In at least one embodiment, the retaining assembly also includes a plunger that is configured to selectively extend into and retract from a channel of a pivot restraint spur of the hinge. Upward pivotal motion of the hinge is restrained when the plunger extends into the channel. As an example, the plunger includes a shaft having a distal end that is configured to be pushed into the channel and pulled out of the channel.

As an example, the biasing member is coupled to a pivot coupler of the hinge. The biasing member includes an extension beam extending below the pivot coupler. The extension beam is pivotally coupled to the pivot coupler through an axle. A coil spring extends between the pivot coupler and the extension beam. The coil spring is configured to bias at least a portion of the extension beam onto the top surface of the ceiling panel when the hinge is in the retaining position. The portion can include an expanded panel engagement member that is configured to abut against the top surface of the ceiling panel when the hinge is in the retaining position.

As another example, the biasing member includes a spring steel strap. The spring streel strap can include a securing segment secured to the hinge, an extension segment connected to the securing segment (wherein the extension segment outwardly and downwardly extends from the hinge), and an engagement member connected to the extension segment (wherein the engagement member is configured to engage the top surface of the ceiling panel).

Certain embodiments of the present disclosure provide a method including providing a retaining assembly including a hinge that includes a biasing member, and moving the hinge into a retaining position. Said moving the hinge into the retaining position causes the biasing member to exert a biasing force into a top surface of a ceiling panel within an internal cabin of a vehicle to prevent the ceiling panel from upward motion. The method also includes moving the hinge into a release position. Said moving the hinge into the release position pivots the hinge away from the ceiling panel and separates the biasing member from the ceiling panel.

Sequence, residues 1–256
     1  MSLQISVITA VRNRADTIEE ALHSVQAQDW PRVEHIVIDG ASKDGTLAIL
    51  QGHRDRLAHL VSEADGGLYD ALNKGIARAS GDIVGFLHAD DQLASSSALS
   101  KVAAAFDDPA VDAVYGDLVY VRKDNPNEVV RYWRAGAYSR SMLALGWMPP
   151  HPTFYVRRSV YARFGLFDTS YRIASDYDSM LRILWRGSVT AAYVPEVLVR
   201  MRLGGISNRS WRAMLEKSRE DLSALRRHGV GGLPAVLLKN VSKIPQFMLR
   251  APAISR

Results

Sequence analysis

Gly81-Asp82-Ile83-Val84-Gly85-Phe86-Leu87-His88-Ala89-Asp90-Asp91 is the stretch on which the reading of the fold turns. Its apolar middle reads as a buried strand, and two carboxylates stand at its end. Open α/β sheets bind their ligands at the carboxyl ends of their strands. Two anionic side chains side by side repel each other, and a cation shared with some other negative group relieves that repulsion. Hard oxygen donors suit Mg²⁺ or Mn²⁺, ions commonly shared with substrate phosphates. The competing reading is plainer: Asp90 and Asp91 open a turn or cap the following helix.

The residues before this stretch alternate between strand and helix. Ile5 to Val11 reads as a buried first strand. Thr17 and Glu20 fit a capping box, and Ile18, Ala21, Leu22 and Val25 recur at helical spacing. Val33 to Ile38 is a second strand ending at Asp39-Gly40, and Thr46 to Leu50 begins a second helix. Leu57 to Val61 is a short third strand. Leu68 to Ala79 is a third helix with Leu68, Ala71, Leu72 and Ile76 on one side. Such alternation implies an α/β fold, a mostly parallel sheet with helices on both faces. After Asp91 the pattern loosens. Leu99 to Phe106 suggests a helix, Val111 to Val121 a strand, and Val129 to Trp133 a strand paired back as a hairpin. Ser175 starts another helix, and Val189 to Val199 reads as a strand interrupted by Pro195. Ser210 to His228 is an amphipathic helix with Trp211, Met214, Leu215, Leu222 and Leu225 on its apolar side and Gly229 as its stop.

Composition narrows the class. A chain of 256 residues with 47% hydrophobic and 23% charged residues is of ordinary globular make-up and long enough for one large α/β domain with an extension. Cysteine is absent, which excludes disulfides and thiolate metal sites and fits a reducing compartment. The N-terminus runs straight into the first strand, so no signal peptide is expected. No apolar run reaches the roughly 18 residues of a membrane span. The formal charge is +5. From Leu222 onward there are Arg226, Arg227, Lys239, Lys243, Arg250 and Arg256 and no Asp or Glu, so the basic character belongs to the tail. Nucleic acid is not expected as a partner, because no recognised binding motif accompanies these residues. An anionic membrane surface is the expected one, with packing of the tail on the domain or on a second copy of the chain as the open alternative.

In at least one embodiment, the method also includes extending a plunger into a channel of a pivot restraint spur of the hinge when the hinge is in the retaining position. Said extending restrains pivotal motion of the hinge. The method also includes retracting the plunger from the channel of the pivot restraint spur to allow the hinge to move into the release position.

Certain embodiments of the present disclosure provide an aircraft including an internal cabin, a stowage bin assembly within the internal cabin, a monument within the internal cabin, a ceiling panel extending between the stowage bin assembly and the monument, and a retaining assembly, as described herein.

BRIEF DESCRIPTION OF THE DRAWINGS

FIG. 1 illustrates a perspective front view of an aircraft, according to an embodiment of the present disclosure.

FIG. 2A illustrates a top plan view of an internal cabin of an aircraft, according to an embodiment of the present disclosure.

FIG. 2B illustrates a top plan view of an internal cabin of an aircraft, according to an embodiment of the present disclosure.

FIG. 3 illustrates a perspective interior view of an internal cabin of an aircraft, according to an embodiment of the present disclosure.

FIG. 4 illustrates an interior view of an internal cabin looking aft, according to an embodiment of the present disclosure.

FIG. 5 illustrates a front view of a ceiling panel coupled to a stowage bin assembly and a monument within the internal cabin of FIG. 4.

FIG. 6 illustrates a perspective first lateral view of a retaining assembly, according to an embodiment of the present disclosure.

FIG. 7 illustrates a perspective second lateral view of the retaining assembly.